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Trying to perform short name name resolution for a subdomain

Posted on 2013-11-01
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A few members of my team are trying to address a use case where a user can type in the short name of server such as host1 and have it properly resolve to the FQDN/IP.  They do not want to use domain suffix at the client side.  Here is what they are trying to do exactly ---

ping host1 and get the IP address back as it is listed in lab.domain.com

host1.lab.domain.com exist in a zone on the DNS server and there is another primary zone of domain.com as well.

The client host has a FQDN of client.domain.com and the client uses the DNS server that is authorative for domain.com as well as lab.domain.com.

host1 lives in the lab.domain.com zone only.  Without using domain suffix at the client side, it would stand to reason to me that if the client where to try ping host1 from the command line that they would not get resolution.  If they used just domain.com as the suffix still nothing and finally if they included domain suffix lab.domain.com they would get a resolution.

My teammates believe they can achieve the level of functionality by eliminating domain suffix on the NIC and then using stubzones or secondary zones - their efforts have been unsuccessful.   I personally think they cannot get this done using those methods and would instead have to use suffix at the client side -- unless they wanted to hack BIND --- which is not what we are using.  This is a Windows DNS environment.

Can anyone offer any correction to my thinking and a possible resolution to provide the level of functionality desired.

Thanks,

Scott
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Question by:BladesAway
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by:alicain
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As you alluded, perhaps the easiest way to do achieve this this is with an additional search suffix on the DNS tab of TCPIP settings on the clients network connection.  

In "Append these DNS suffixes" place:
domain.com
lab.domain.com

The resolver on the client will first attempt to resolved in domain.com and if/when that fails, it will go on to append lab.domain.com

You could also do this from the DNS server side by configuring selective forwarding to forward all requests to "lab.domain.com" to the DNS server that is authoritative for that zone.

Regards,
Alastair.
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by:alicain
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and of course I should have included: that depending on the environment, it would be possible to create a delegation in domain.com for the zone lab.domain.com and which would allow names to be resolved via recursion.

But that may or may not be possible, for example if you want to maintain some separation between the environments, e.g. between production and lab networks.
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footech earned 250 total points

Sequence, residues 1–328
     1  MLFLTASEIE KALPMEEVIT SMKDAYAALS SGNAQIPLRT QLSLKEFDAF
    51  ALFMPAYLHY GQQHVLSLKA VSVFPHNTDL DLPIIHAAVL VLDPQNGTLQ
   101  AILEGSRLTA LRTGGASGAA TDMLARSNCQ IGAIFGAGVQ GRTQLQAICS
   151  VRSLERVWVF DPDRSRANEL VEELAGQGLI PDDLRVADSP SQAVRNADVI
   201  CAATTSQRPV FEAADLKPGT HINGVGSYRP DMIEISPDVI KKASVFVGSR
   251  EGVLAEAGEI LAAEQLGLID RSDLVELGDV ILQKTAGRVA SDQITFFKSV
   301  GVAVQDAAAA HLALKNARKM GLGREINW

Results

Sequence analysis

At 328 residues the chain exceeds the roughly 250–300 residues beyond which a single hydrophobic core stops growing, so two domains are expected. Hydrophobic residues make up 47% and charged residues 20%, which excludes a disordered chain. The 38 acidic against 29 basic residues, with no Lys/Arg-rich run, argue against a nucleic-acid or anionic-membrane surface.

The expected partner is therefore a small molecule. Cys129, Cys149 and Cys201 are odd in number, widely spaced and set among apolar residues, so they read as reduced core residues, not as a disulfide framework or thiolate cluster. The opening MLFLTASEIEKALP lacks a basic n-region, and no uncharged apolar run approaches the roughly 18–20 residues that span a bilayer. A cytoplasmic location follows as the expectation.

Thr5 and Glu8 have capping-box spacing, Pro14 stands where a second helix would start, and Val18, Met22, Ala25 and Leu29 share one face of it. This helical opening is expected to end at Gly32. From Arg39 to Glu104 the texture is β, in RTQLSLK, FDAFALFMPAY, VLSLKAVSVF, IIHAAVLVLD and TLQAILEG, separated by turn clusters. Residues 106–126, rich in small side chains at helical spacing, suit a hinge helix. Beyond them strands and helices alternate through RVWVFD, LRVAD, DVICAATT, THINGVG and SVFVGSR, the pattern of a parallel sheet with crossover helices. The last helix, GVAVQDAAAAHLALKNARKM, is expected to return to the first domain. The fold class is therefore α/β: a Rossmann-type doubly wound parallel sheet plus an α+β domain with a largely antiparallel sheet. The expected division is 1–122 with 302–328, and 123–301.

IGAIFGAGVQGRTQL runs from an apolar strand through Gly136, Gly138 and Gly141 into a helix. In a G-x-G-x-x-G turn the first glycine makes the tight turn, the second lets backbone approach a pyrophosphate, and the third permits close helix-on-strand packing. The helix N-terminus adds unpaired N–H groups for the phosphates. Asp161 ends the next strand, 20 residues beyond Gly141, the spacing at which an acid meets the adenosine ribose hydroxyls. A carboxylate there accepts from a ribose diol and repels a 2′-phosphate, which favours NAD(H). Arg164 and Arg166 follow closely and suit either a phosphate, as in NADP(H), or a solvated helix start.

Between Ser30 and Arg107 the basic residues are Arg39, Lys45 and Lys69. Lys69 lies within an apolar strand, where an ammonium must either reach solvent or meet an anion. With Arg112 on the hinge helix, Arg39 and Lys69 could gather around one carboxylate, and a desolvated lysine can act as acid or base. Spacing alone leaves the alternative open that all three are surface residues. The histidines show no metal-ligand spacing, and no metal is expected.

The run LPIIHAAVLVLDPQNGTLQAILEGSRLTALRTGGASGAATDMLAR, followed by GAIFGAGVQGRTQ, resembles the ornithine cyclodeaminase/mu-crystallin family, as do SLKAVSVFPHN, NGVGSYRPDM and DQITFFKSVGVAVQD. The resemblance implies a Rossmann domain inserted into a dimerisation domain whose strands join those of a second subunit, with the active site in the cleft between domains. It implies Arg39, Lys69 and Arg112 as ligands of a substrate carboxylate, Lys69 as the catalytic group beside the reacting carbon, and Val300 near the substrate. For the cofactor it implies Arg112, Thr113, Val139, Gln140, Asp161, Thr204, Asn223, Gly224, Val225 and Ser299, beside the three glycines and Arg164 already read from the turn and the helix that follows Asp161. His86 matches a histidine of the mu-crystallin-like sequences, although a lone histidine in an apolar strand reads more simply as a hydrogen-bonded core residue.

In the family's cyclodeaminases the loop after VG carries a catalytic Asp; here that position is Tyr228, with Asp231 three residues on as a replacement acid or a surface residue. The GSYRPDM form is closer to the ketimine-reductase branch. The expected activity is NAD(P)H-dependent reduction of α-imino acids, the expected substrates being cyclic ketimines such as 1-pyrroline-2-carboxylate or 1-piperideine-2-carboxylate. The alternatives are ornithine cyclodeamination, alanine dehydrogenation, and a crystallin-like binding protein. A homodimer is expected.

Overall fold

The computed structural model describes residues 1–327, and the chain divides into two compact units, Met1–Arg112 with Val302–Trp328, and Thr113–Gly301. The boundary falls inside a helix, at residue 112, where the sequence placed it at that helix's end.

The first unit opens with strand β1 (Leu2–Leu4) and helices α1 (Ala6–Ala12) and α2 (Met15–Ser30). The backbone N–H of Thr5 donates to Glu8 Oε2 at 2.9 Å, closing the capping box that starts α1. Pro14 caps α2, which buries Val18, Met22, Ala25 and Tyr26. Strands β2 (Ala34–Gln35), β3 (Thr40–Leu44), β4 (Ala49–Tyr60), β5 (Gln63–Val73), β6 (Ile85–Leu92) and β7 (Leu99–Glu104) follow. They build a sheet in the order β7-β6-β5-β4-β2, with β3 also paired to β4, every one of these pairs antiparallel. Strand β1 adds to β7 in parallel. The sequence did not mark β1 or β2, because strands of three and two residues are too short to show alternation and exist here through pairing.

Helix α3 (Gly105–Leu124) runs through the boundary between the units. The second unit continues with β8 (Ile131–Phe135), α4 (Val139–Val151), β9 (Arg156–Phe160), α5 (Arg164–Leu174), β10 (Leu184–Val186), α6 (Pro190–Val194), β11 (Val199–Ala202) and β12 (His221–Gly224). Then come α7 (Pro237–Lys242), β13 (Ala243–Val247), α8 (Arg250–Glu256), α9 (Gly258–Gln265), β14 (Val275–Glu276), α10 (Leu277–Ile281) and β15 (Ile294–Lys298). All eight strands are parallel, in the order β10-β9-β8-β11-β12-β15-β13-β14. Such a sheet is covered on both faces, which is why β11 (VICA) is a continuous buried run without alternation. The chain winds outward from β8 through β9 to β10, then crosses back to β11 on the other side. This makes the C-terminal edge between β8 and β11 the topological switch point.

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I see only two ways that this would be possible.

The first is as alicain mentioned, which is for the client to append the correct DNS suffix.  This could be configured through Group Policy or even DHCP option.  Configuring forwarders or delegation would have no effect though, at least not without the proper DNS suffix at the client.  A couple reasons - 1) you mentioned that the DNS server is authoritative for both zones, so the query would never be forwarded on to another server, and; 2) even if the DNS server that is initially queried is only authoritative for the domain.com zone, unless the client made a query for host1.lab.domain.com, the server is never going to send the query on to another server.  One last thing about DNS suffixes - if the primary DNS suffix is lab.domain.com, with DNS devolution the client (if I remember right this is enabled by default in Win7+)  will automatically first query for host1.lab.domain.com and then (assuming it didn't get a hit), query for host1.domain.com.

The second way would be through the use of NetBIOS name resolution or WINS.  This means that the hostname would have to be unique in the environment.  You couldn't have both host1.domain.com and host1.lab.domain.com and expect it to work.  Essentially this is taking the DNS suffix completely out of the equation.

I know I said earlier that I see only two ways, but there are other, more manual methods that you could use for small numbers of hosts that you want it to work.  If all you care is that a query reaches the right IP, if you create an A record for host1 in the domain.com zone that points to the IP of host1.lab.domain.com it will work.  Also, you could create a CNAME record for host1 in the domain.com zone and point it at host1.lab.domain.com.

EDIT:  I wanted to mention one other option, that is similar to the NetBIOS/WINS option, but uses DNS.  If your DNS servers are 2008+, you can set up a GlobalNames zone and configure records in there.  This would be a manual process as well where you configure CNAME records in the zone for the resources desired.
http://technet.microsoft.com/en-us/library/cc816610(v=ws.10).aspx
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